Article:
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In This Moment: Black Widow


bundle1-mobI’m going to just put this out there for those who don’t like to read reviews about the “genius of rock stars” – In This Moment’s latest album, “Black Widow” might be the best album released by anyone in 2014. I know what you’re thinking, you’re either thinking, “No way, ‘Blood’ was a far superior record and thematically very similar” or you’re thinking, “Who the hell is ‘In This Moment’?” To the first group, Blood is a very similarly themed album, true – but ultimately a very different album for reasons I will get into later. For the second group, the ones that still don’t know who In This Moment is, to steal a phrase from a friend, they are the group that sounds like what Marilyn Manson would have sounded like if he were still good.

Black Widow is their fourth album with producer Kevin Churko and it’s a masterpiece. In fact, this is the best story I’ve heard since Dream Theater released Scenes from a Memory in 1999. This album, ultimately, is cautionary tale of the Black Widow and takes us on a journey of a true anti-hero who comes from broken and humble beginnings and covers a life of poor decisions, bad luck and feelings of worthlessness until finally finding meaning through her trials and tribulations. The album embraces the uncomfortable realities shared by far too many women these days. Yet through it all Black Widow is an infectious and enticing ride from beginning to end exchanging some of Maria Brink’s trademark screaming for deliberate melody and story telling. That’s not say it’s without its heavy and driving music reminiscent of what their fans have come to know and love, but the band seems hell bent on taking aim at the mainstream (or what might be fringe listeners) with the kind of macabre appeal that dare I say might even be danceable at times.

Ultimately the Black Widow is used as a metaphor. But to say that the album is simply a metaphor would be selling the story short. While the album might be one part cautionary tale, it is also a story about the rise and fall (and rise again) of anyone that had to find their own way out of their own private hells – whatever they might be – and finding beauty in the struggles that many of us face. It is the struggle of the Black Widow is that thing that makes this album perfect. This brings me back to the idea of reoccurring themes that In This Moment tried to cover in the past like on the album “Blood,” for instance. The fact of the matter is that the themes were simply better this time around. While Blood is at times vulgar, Black Widow finds a more elegant approach and instead of simply dangling words and snapshots of the ugly side of humanity, Black Widow is a journey that finds redemption in the struggle. It’s this story, the story of finally climbing out of hell that leaves the listener breathless. In the end this album is full of the kind of empathy and hope that is a reflection upon our own personal struggles making the statement that we are not as lonely as we might think.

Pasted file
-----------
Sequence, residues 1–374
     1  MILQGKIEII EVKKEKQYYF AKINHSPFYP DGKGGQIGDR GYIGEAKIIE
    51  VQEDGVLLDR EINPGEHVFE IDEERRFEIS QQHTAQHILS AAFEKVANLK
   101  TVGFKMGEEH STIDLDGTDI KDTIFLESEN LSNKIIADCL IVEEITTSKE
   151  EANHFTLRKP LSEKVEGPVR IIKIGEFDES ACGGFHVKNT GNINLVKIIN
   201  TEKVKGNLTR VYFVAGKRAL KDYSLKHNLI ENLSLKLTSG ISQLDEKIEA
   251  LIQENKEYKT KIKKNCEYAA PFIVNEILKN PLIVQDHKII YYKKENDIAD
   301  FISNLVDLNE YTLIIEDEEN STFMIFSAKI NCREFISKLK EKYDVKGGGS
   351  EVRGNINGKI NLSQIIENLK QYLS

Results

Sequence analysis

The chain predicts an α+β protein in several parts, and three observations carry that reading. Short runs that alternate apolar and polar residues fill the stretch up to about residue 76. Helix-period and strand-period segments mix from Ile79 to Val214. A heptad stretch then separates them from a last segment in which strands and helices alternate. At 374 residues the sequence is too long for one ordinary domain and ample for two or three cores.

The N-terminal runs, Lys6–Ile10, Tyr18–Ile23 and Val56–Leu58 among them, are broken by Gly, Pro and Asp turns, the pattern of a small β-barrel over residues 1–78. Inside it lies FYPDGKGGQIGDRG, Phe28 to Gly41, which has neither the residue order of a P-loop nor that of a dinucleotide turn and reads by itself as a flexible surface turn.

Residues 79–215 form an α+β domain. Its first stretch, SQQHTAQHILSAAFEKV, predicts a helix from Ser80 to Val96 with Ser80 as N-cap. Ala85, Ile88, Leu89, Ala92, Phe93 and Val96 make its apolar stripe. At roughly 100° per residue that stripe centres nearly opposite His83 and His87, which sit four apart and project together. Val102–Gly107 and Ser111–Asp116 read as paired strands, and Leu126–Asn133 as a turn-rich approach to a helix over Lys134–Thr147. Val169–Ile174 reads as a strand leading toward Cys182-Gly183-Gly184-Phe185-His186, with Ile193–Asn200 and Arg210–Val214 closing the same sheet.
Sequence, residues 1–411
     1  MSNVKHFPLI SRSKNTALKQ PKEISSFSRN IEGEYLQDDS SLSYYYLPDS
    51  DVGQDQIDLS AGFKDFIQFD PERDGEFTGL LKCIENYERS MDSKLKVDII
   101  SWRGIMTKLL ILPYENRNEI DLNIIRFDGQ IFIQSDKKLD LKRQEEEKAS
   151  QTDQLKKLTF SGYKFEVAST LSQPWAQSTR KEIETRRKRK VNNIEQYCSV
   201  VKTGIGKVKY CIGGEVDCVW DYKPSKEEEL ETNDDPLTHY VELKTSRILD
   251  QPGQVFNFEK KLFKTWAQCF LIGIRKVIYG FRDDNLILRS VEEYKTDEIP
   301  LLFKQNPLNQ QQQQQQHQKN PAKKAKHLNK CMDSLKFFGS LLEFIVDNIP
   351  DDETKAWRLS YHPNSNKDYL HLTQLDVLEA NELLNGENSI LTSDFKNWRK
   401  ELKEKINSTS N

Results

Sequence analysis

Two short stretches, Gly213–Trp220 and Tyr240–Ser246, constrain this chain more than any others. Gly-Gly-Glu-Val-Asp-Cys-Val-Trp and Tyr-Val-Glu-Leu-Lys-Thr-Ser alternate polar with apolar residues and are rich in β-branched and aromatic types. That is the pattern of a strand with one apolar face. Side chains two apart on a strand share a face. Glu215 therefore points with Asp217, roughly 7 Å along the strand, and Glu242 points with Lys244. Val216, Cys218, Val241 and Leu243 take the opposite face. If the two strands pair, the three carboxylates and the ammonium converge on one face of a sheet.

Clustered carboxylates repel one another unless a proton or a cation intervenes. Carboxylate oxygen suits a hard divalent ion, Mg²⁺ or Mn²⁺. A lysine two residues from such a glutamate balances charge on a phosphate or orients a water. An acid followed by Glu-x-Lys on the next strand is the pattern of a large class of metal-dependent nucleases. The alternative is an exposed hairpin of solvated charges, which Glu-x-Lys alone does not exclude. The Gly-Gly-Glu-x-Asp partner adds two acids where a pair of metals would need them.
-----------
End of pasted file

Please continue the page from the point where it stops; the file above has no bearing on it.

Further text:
Black Widow is a must listen. In fact, if you only buy one album in 2014, this is the one no matter what your musical taste. Any album that tells a compelling story with catchy tunes is one thing but add to it one that runs the gamut of the entirety of the human experience in an open and honest way is something that we should stop and examine if only to better understand what it is to be human. In that end, these are ideas that make us all beautiful. If nothing else, this album is an attempt to place the mirror up to the audience in order to show us something common within all of us in order to help us, to quote the album’s final song, “Out of hell.”

By

Paul Stamat